MOSELEY CLIMATE CHANGE SURVEY
MP’s SURVEY SHOWS LOCAL COMMITMENT TO TACKLING CLIMATE CHANGE
26 June 2008
A recent survey carried out by Lynne Jones MP has revealed a strong commitment among Moseley residents to tackle climate change.
The survey, which aimed to gather information on people’s environmental attitudes, was distributed to all electors in B13 within the current Selly Oak constituency boundary
The survey results show that 91 percent of respondents were concerned about the threat of climate change, and 89 percent said they had made changes to their lifestyles to reduce their carbon footprint. This was reinforced by the result that 80 percent of respondents believe reducing Moseley’s carbon emissions is ‘important’ or ‘very important’.
The MP’s survey suggests that, in order to reduce carbon emissions, roughly half of respondents ‘agree’ or ‘strongly agree’ that motoring should be made more expensive. This figure rises to 69 percent, who say they would be willing to pay more for motoring, if the money raised was used to improve public transport services.
Lynne Jones said: "The survey shows that people in Moseley have a real commitment to tackling climate change and reducing their carbon footprint. It is interesting that people feel they would be more inclined to spend money on motoring if other forms of public transport were developed. If more of us use public transport it is better for the environment as it reduces pollution and emissions of greenhouse gasses. Given that 40 per cent of UK car journeys are less than three miles, we would substantially reduce our carbon footprint if car owners restricted their car use to essential journeys. Personally, I am a keen cyclist - the best way for the able-bodied to get around congested areas, but most people in Moseley live near regular bus routes too.”
She continued: “The results from the survey were obtained before the more recent sharp increases in the global cost of oil, which has seen a 20% reduction in road fuel sales. People are now paying much more to use their cars and there is greater incentive to opt for more fuel-efficient vehicles. The Government should impose a windfall tax on the energy companies’ inflated profits and spend the extra revenue it has got from taxation on our transport infrastructure.”
Similar views were expressed on paying more to fly, especially if revenues were invested in high-speed rail.
Lynne Jones, a resident of Birmingham 13, is backing Sustainable Moseley (SusMo), a local campaign set up by Moseley Forum, which aims to make Moseley a more sustainable community both by personal action to cut household CO2 emissions and through community initiatives. Many of the respondents to the survey have joined SusMo and signed the pledge to reduce their carbon footprint at www.cred-uk.org/susmo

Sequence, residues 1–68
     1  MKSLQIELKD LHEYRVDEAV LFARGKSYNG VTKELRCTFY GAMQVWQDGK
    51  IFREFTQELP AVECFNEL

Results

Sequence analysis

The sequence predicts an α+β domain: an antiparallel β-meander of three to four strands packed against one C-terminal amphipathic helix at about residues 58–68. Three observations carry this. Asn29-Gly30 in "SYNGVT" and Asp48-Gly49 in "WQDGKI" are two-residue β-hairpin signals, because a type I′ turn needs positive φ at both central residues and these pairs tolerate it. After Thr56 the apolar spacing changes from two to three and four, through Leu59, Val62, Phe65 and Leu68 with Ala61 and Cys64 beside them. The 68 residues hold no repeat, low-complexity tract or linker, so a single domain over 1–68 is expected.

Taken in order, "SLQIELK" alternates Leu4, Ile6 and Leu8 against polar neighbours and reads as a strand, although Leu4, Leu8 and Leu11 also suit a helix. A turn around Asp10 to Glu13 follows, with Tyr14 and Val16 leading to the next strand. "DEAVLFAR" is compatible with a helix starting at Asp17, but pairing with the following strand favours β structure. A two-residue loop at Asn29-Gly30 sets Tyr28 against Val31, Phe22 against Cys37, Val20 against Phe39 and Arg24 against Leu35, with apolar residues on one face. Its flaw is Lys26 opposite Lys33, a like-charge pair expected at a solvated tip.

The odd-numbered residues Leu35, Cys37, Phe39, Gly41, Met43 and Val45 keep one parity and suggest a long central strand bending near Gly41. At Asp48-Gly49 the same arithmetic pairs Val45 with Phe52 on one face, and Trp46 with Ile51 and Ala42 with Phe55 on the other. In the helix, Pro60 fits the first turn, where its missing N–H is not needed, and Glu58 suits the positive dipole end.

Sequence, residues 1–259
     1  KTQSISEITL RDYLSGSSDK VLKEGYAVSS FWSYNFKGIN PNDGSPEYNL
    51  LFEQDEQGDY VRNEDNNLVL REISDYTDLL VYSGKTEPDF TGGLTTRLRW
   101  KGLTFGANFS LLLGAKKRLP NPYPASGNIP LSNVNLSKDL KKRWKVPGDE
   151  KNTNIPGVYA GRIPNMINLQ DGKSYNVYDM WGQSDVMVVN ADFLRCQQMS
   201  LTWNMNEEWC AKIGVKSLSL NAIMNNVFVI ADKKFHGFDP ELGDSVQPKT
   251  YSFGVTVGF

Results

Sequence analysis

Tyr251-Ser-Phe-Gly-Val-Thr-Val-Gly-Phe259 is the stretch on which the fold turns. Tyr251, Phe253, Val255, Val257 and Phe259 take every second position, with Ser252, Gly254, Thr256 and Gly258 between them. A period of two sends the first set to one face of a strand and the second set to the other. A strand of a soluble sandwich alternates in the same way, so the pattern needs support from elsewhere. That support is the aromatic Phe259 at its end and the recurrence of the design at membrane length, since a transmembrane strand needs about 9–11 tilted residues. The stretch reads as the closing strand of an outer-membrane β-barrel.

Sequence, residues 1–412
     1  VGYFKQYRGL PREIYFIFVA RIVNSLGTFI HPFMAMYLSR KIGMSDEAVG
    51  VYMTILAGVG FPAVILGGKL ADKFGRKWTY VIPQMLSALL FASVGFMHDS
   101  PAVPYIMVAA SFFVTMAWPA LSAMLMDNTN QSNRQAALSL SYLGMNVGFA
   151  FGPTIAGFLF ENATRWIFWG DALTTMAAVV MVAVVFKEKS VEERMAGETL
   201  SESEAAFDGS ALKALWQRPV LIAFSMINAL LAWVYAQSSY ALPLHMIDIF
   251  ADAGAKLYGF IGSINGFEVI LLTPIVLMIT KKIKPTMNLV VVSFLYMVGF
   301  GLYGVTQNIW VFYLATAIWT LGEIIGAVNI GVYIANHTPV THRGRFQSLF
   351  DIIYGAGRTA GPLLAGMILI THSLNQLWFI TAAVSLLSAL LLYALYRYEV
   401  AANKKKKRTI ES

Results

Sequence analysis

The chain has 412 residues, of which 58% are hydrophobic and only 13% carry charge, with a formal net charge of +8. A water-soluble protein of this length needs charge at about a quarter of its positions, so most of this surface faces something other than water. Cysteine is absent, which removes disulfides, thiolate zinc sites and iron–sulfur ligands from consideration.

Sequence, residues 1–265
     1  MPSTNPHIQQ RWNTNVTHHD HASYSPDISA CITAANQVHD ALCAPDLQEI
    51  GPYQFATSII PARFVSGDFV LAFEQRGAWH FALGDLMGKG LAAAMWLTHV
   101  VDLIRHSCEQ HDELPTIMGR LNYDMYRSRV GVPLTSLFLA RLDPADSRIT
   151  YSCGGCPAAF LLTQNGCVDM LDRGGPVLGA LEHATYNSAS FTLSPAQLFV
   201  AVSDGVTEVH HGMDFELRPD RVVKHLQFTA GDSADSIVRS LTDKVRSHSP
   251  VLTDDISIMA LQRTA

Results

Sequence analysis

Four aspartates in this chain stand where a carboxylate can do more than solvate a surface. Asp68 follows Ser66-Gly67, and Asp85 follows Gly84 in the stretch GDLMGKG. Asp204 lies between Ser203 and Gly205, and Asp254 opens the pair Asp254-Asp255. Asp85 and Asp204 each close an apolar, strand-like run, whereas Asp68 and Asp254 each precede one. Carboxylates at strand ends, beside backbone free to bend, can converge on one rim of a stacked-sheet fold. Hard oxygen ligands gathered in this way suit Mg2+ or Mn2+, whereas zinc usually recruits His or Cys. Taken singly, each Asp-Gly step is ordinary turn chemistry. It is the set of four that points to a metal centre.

NOTE TO EDITORS:
Further information on SusMo, click here:
A summary of the main findings of the climate change survey can be found below. Click here for the full report.
Survey on Climate Change - Summary of Main Points
• 222 completed surveys were received.
• 91% of all people who returned the ‘Survey on Climate Change’ were concerned about the threat of climate change, of which 59% said they would like to join Susmo.
CARBON FOOTPRINT PLEDGE
• 59% of respondents said they would sign the pledge to reduce their carbon footprint at:
• 89% of respondents said they had made changes to their lifestyles as a result of the threat from climate change.
• Over half of all respondent had made changes to their transport habits, in particular, as a result of the threat from climate change. These changes included: cutting down on car use and flights; using public transport more; and walking and cycling more.
• 29% of all respondents said that they were recycling their household waste in an effort to combat climate change.
REDUCING CARBON EMISSIONS
• 80% of all respondents think that reducing Moseley’s carbon emissions is important or very important.
• 89% of all respondents think that meeting national and international climate change targets is important or very important.
• 49% of all respondents agree or strongly agree that they would do more to try to stop climate change if other people did too.
• 81% of all respondents agree or strongly agree that the Government should take a lead in combating climate change, even if it means using the law/tax system to change people’s behaviour.
• 51% of respondents agree or strongly agree that motoring should be made more expensive.
• 69% of respondents agree or strongly agree that they would be willing to pay more for motoring if the money raised was used to improve public transport.
• 59% of respondents agree or strongly agree that aviation should be made more expensive.
• 67% of respondents agree or strongly agree that they would be willing to pay more for aviation if the money raised was used to provide fast train links.
BIRMINGHAM CITY COUNCIL
• 36% of respondents said that the number one thing they would like Birmingham City Council to do to help tackle climate change was to improve public transport in the city.
(NB: Birmingham City Council do not have direct responsibility for public transport.)
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